- 24. Lewis BP, Burge CB, Bartel DP (2005) Conserved seed pairing, often flanked by adenosines, indicates that thousands of human genes are microRNA targets. Cell 120: 15–20.
- 25. Ruby JG, Stark A, Johnston WK, Kellis M, Bartel DP, et al. (2007) Evolution, biogenesis, expression, and target predictions of a substantially expanded set of Drosophila microRNAs. Genome Res 17: 1850–1864.
- 26. Jan CH, Friedman RC, Ruby JG, Bartel DP (2011) Formation, regulation and evolution of Caenorhabditis elegans 3′ UTRs. Nature 469: 97–101.
- 27. Mitra R, Bandyopadhyay S (2011) MultiMiTar: a novel multi objective optimization based miRNA-target prediction method. PLoS One 6: e24583.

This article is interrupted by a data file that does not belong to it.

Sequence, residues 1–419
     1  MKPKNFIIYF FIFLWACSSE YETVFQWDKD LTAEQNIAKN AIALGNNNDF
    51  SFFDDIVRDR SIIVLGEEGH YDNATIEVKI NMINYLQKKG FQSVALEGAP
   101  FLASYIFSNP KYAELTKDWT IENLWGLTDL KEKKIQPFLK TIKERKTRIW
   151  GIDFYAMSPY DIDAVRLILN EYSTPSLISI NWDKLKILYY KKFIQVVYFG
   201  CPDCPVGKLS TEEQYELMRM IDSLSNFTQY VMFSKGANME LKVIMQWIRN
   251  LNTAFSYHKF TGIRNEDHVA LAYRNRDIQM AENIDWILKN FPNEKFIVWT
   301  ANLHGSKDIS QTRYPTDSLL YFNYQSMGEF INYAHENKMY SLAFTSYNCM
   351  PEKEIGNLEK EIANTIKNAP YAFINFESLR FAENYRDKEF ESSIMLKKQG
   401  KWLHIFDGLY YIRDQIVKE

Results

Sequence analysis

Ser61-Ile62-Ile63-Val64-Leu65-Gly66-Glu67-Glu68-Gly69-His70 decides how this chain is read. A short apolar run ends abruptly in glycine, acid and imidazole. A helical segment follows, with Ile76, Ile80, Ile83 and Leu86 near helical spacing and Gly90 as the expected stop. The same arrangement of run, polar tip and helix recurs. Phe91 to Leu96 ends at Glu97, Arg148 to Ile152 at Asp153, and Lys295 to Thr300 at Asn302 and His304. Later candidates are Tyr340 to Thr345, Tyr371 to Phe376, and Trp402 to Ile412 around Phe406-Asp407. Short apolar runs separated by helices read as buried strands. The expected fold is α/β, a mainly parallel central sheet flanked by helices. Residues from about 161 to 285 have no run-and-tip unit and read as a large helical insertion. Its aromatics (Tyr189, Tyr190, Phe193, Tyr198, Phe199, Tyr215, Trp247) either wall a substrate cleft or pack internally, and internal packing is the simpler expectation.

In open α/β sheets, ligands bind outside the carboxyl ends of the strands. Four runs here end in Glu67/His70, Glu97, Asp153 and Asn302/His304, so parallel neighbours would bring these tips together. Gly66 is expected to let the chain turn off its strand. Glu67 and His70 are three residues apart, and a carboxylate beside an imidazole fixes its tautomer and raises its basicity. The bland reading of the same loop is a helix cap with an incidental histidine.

- 28. Papadopoulos GL, Reczko M, Simossis VA, Sethupathy P, Hatzigeorgiou AG (2009) The database of experimentally supported targets: a functional update of TarBase. Nucleic Acids Res 37: D155–158.
- 29. Xiao F, Zuo Z, Cai G, Kang S, Gao X, et al. (2009) miRecords: an integrated resource for microRNA-target interactions. Nucleic Acids Res 37: D105–110.
- 30. Hsu SD, Lin FM, Wu WY, Liang C, Huang WC, et al. (2011) miRTarBase: a database curates experimentally validated microRNA-target interactions. Nucleic Acids Res 39: D163–169.
- 31. Burge SW, Daub J, Eberhardt R, Tate J, Barquist L, et al. (2013) Rfam 11.0: 10 years of RNA families. Nucleic Acids Res 41: D226–232.
- 32. Grimson A, Farh KK, Johnston WK, Garrett-Engele P, Lim LP, et al. (2007) MicroRNA targeting specificity in mammals: determinants beyond seed pairing. Mol Cell 27: 91–105.